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The possibility of the interest rate starting to rise is causing worry for a number of mortgage borrowers, it has been said.

Michelle Slade, spokesperson for Moneyfacts, revealed that the demand for fixed-rate products has increased as a result.

"While fixed-rate mortgages are cheaper than they were last year, they are not as cheap as we would have normally expected as the lenders are taking a larger margin for risk," she warned.

Lenders are increasingly more likely to see customers defaulting on their mortgages, which is made worse by the rising rate of unemployment.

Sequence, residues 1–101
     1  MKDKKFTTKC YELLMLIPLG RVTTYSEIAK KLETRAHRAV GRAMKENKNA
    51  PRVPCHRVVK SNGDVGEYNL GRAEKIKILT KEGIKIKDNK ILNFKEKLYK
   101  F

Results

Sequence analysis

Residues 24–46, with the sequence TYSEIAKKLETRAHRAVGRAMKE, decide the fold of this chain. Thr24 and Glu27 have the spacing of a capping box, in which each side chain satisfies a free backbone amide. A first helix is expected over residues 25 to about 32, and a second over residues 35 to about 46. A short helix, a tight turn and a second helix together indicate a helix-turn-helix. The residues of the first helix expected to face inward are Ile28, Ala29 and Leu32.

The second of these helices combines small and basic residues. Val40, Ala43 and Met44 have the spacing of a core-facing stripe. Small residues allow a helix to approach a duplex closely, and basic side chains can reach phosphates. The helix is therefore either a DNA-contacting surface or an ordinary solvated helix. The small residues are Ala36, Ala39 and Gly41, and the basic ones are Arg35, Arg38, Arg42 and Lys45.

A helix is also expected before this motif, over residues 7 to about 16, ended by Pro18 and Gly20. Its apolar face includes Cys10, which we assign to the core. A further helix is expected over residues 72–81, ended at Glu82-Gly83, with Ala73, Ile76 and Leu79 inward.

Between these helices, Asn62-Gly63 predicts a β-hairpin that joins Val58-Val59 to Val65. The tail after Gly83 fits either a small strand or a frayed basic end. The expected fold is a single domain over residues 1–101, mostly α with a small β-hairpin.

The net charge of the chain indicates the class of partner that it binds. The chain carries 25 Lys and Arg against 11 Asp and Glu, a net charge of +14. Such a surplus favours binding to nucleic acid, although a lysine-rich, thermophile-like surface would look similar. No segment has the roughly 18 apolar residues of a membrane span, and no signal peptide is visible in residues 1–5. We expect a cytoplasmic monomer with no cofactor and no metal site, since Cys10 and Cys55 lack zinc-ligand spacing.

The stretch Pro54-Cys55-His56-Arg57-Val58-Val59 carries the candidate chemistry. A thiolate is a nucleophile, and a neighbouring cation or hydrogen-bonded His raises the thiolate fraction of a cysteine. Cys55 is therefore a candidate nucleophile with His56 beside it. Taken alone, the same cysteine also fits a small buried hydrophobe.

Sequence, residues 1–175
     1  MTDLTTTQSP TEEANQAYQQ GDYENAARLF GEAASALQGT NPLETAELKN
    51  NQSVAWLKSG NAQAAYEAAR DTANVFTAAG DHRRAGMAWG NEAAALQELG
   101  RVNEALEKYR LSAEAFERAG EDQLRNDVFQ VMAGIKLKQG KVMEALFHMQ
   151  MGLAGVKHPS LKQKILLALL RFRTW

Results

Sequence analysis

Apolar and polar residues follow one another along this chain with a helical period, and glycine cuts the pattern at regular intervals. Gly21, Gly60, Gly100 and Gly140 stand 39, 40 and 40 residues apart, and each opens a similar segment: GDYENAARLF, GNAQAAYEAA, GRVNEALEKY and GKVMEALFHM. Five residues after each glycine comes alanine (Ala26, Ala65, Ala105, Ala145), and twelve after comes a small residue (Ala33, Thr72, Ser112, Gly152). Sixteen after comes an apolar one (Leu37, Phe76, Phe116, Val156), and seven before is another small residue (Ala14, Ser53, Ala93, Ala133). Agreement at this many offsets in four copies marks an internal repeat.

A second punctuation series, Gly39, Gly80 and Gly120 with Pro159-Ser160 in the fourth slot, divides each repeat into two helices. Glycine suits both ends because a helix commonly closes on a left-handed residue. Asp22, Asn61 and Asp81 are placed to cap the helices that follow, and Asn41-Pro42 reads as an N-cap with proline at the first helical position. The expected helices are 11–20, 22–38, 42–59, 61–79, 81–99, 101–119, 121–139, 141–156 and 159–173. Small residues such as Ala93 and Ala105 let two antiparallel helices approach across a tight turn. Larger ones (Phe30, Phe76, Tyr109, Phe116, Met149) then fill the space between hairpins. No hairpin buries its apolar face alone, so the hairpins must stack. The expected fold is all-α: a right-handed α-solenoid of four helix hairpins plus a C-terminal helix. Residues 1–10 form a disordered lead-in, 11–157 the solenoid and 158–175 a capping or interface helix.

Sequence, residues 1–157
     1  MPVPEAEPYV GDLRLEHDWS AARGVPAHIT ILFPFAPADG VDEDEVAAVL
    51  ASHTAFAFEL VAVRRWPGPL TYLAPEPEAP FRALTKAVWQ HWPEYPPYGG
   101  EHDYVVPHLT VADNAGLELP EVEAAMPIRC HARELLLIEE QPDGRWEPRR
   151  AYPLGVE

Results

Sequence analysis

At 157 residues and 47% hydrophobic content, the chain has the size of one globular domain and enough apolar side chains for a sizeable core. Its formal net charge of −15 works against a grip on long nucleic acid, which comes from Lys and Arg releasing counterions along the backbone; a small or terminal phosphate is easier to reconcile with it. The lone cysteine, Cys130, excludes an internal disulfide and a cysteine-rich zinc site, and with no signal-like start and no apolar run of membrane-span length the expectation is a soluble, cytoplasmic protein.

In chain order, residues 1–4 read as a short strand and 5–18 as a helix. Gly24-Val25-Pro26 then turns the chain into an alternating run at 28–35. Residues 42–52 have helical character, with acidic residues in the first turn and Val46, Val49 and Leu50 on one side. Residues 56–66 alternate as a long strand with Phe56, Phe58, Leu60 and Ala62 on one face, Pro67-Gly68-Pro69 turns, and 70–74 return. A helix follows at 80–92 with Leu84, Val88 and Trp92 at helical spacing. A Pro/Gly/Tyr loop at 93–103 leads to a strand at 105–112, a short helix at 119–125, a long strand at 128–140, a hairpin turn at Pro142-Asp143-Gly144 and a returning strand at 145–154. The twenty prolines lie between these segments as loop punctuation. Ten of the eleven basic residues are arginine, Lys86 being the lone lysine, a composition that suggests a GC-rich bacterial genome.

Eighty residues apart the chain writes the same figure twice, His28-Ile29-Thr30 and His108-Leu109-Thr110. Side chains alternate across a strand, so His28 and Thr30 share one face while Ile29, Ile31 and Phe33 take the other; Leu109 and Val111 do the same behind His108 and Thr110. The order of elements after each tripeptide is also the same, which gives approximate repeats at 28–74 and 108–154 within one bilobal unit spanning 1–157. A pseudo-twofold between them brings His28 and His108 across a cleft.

Tracker customers will be hardest hit by fluctuations in the base rate, Ms Slade emphasised, with some borrowers likely to struggle with interest rates once they escalate to around seven per cent.

Moneyfacts reported on June 22nd 2009 that the average two-year fixed-rate mortgage deal increased by 0.16 per cent in the previous week to 4.90 per cent.

The average five-year fixed deal has increased even further, it added, rising from 5.61 per cent to 5.82 per cent – a five-day jump of 0.21 per cent.

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